Corelli & Zucker 9 June 1990
Please note: These interview video cassettes have an audio track only, no picture of any kind. You can hear us speak and sing, but you don’t see us.
CZ4V June 9, 1990. (four hours). 2 video cassettes. NTSC or PAL VHS.
This title does not count as a free selection in the 6-for-the-price-of-5 offer. However, it does count as 1 paid item toward the 5 paid DVDs, videos, CD sets, photos or posters in the offer.
Contents: WKCR fundraising (not a lot of it); a brief biography of Lauri Volpi and a discussion of his strengths and weaknesses, with recorded examples.
The Heroic Tenor vs. the Verismo Tenor
Corelli understood Lauri Volpi’s views, strengths and weaknesses better than those of any singer (other than himself). Here is an edited sample from the interview:
Franco Corelli: Old-style, heroic tenors such as Giacomo Lauri Volpi sang the center and bottom notes lightly and sweetly and let loose on top. Lauri Volpi’s repertory was vast, but the operas that suited him best were Guglielmo Tell, I puritani, Poliuto, Turandot, Luisa Miller and Gli ugonotti, heroic works where he could neglect the center notes and seek to display brilliance and high notes and where he could emphasize classical style and purity of tone over passion. In contrast, verismo1 singers favor the center notes and sing with portamento2 and heart. In verismo the theatrical effect of the phrase is more important than purity of tone. Words sometimes are more important than music, and you have to use the center notes to interpret them.
Stefan Zucker: What are the characteristics of the verismo tenor?
FC: The verismo tenor has a round, strong middle voice and pushes the high notes with his guts. Caruso gave us this manner of singing. As a verismo tenor you do try to sing beautifully, lightly and sweetly, at moments. You must have this chiaroscuro, this contrast. But you can’t sing some notes in falsettone3 –no more of that!–you’ve got to sing with your real voice even when you sing softly. You do your sensual singing in the middle and only sing high notes on occasion. The risk for the heroic tenor who sings verismo is abuse of the center: he won’t be able to sing the high notes called for by the heroic repertory. If you push your center you lose your high C. Heroic tenors can sing verismo but verismo tenors generally cannot sing heroic repertory.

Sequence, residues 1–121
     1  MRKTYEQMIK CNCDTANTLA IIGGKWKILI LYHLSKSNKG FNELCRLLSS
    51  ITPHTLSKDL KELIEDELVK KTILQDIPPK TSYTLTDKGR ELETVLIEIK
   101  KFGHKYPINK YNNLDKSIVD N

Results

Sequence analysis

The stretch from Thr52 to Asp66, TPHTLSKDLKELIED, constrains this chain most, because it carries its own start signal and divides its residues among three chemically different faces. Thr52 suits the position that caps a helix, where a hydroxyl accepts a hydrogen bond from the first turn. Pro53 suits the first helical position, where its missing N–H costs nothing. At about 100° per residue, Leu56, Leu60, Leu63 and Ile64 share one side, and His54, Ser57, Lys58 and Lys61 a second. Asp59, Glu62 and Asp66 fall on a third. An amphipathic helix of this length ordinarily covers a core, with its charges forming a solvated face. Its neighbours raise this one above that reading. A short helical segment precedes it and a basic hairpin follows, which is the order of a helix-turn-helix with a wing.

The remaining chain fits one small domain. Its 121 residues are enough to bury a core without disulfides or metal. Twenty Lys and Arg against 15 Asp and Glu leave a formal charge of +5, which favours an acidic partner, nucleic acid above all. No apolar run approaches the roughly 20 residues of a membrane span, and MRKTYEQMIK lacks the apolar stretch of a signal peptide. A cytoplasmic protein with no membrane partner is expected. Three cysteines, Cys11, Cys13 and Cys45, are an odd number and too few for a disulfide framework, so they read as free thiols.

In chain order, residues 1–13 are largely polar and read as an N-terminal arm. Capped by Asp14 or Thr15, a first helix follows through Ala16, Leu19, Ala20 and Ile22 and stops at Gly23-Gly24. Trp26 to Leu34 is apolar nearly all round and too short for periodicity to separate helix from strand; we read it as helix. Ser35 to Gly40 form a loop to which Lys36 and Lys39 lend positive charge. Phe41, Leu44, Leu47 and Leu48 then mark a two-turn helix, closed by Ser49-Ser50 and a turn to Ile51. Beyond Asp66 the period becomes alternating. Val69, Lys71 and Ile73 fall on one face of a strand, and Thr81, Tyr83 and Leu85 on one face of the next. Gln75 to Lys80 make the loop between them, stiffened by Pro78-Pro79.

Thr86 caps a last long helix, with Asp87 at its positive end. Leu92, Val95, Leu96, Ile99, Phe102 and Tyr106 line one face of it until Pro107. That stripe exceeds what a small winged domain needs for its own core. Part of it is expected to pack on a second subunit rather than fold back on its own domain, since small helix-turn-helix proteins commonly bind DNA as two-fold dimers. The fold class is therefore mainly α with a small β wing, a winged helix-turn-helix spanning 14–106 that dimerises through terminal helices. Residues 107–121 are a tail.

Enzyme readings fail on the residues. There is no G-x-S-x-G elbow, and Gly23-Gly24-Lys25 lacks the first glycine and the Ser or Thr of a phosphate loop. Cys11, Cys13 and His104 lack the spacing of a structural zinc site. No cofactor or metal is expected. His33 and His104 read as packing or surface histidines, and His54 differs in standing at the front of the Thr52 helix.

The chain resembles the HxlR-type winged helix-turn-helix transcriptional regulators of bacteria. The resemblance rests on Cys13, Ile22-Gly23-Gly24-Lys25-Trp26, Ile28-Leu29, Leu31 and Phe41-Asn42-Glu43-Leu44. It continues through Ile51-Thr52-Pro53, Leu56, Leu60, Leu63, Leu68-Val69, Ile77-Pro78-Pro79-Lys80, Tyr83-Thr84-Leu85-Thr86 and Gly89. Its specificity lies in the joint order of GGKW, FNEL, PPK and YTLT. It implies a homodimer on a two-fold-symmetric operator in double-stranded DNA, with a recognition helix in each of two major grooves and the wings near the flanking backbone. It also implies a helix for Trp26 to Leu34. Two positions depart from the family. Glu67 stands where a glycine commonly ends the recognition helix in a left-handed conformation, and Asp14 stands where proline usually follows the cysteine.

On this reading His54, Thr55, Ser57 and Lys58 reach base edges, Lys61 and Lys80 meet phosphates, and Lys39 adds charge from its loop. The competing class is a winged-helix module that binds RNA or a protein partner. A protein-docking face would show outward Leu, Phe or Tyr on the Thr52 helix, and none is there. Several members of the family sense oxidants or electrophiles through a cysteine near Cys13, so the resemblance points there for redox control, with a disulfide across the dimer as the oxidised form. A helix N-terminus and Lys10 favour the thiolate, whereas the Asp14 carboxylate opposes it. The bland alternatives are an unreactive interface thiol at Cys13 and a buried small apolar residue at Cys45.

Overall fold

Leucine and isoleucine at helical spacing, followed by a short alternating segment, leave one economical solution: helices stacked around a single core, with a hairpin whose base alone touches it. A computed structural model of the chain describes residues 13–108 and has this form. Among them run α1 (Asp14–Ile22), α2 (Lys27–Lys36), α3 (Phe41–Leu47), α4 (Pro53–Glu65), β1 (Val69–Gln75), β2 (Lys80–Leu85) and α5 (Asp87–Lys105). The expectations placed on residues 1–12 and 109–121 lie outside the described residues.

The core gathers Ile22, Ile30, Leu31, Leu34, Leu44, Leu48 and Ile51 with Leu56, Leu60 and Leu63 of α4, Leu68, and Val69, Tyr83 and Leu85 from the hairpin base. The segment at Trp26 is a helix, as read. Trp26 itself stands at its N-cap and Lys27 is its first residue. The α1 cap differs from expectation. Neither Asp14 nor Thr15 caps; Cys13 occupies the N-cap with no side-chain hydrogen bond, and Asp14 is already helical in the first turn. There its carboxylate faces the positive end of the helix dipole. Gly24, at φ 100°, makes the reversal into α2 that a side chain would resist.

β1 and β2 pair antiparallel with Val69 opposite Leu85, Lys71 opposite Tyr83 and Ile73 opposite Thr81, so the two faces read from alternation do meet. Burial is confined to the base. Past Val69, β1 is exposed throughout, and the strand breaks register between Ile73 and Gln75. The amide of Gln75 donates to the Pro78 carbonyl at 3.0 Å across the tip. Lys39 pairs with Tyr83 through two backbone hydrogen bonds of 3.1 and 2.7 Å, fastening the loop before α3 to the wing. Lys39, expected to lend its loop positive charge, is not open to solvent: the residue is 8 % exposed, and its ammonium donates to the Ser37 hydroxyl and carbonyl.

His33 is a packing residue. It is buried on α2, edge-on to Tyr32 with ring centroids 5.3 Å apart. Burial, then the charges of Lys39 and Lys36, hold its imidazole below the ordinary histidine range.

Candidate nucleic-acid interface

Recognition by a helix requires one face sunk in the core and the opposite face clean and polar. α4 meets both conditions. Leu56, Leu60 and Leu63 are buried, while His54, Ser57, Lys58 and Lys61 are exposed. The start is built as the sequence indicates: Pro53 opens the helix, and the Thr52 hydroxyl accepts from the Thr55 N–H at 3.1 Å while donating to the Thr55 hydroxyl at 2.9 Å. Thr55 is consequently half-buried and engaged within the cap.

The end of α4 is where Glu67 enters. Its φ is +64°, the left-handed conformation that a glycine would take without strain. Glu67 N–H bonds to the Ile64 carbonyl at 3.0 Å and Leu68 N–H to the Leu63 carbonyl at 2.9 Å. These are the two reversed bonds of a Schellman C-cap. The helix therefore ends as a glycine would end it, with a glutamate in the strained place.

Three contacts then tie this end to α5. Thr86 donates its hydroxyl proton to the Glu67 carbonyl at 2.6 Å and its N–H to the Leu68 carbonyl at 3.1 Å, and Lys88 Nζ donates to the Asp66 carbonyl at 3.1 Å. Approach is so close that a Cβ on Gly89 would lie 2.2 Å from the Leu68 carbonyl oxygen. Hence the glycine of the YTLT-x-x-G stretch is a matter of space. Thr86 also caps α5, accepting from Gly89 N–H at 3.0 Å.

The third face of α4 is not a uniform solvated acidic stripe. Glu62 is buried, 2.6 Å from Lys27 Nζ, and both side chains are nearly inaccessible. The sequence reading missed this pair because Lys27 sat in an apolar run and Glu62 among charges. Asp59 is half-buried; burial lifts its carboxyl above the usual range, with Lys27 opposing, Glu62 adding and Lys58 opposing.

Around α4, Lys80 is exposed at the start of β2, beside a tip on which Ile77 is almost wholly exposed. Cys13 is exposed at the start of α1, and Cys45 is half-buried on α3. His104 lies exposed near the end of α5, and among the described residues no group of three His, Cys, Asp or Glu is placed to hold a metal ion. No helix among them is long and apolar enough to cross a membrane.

SZ: And Lauri Volpi?
FC: When he was studying, around 1915, the influence of the 19th century still was felt strongly. He worked with people from the last century who were especially conscious of style.
SZ: What was he like as an interpreter?
FC: He was romantic, far from verismo. His singing of verismo repertory wasn’t impulsive; it was too noble. He was like a priest. He wanted his voice to be dreamlike, to express pathos and suffering. Otherwise, he wasn’t preoccupied about emphasis, color or expression.
SZ: And his voice?
FC: It pealed forth like a thunderclap. It was steely and alive, not dark, incisive but not dramatic.
SZ: What’s the difference?
FC: The voice was too bright to be dramatic; it didn’t have the color of a cello. Every note was silvery pure, at any rate in the octave between C in the middle and high C. His emission was so perfect that even his low notes rang. His low C was silvery, not heavy. He was able to have strong notes in the center, but he disliked muscular singing.
SZ: What then did he make of Del Monaco’s singing? Did he find it muscular?
FC: He thought exactly that — that Del Monaco’s singing was not only muscular but also that he broke legato, had insufficient sweetness, an insufficient mezza voce and didn’t do enough diminuendos, that he couldn’t observe composers’ markings. [For Corelli’s own assessment of the strengths as well as the weaknesses of Del Monaco’s singing see the March 3, 1990 and May 12, 1990 (download or VHS audio) interviews.]…
Why does Lauri Volpi’s tone waver when he goes from full voice into mezza voce?
The evolution of Lauri Volpi’s vibrato.
It’s not easy to distinguish falsetto from mezza voce.
Corelli demonstrates the opening of “A te, o cara,” to illustrate portamento.
Corelli was slated to record Puritani but canceled. His style in Puritani–or lack of it. Why he didn’t sing Tristan.
1. Verismo: the style that came into vogue with Mascagni’s Cavalleria Rusticana (1890). Fernando De Lucia was among the first to sing verismo, but his style has far more rubato (see below) and is far more delicate than Caruso’s or others with whom most today, Corelli included, associate verismo. Mascagni protégé tenor Piero Schiavazzi also was more imaginative in his treatment of rhythm and tempo and less forceful than later veroists. (Rubato: robbing time by lengthening or shortening a note or group of notes; some theorists hold that phrasing should be balanced–time taken should be paid back.)
2. Portamento: a glissando or slide from one note to another. Toward the middle of the 19th century Rossini began to object to portamentos, which singers had begun to introduce in ever greater quantities.
3. Falsettone: Corelli thinks of this as a mix of falsetto and chest resonance; some others think of it as a mix of head and chest resonance, “falsetto” at one time typically having been synonymous with “head voice.”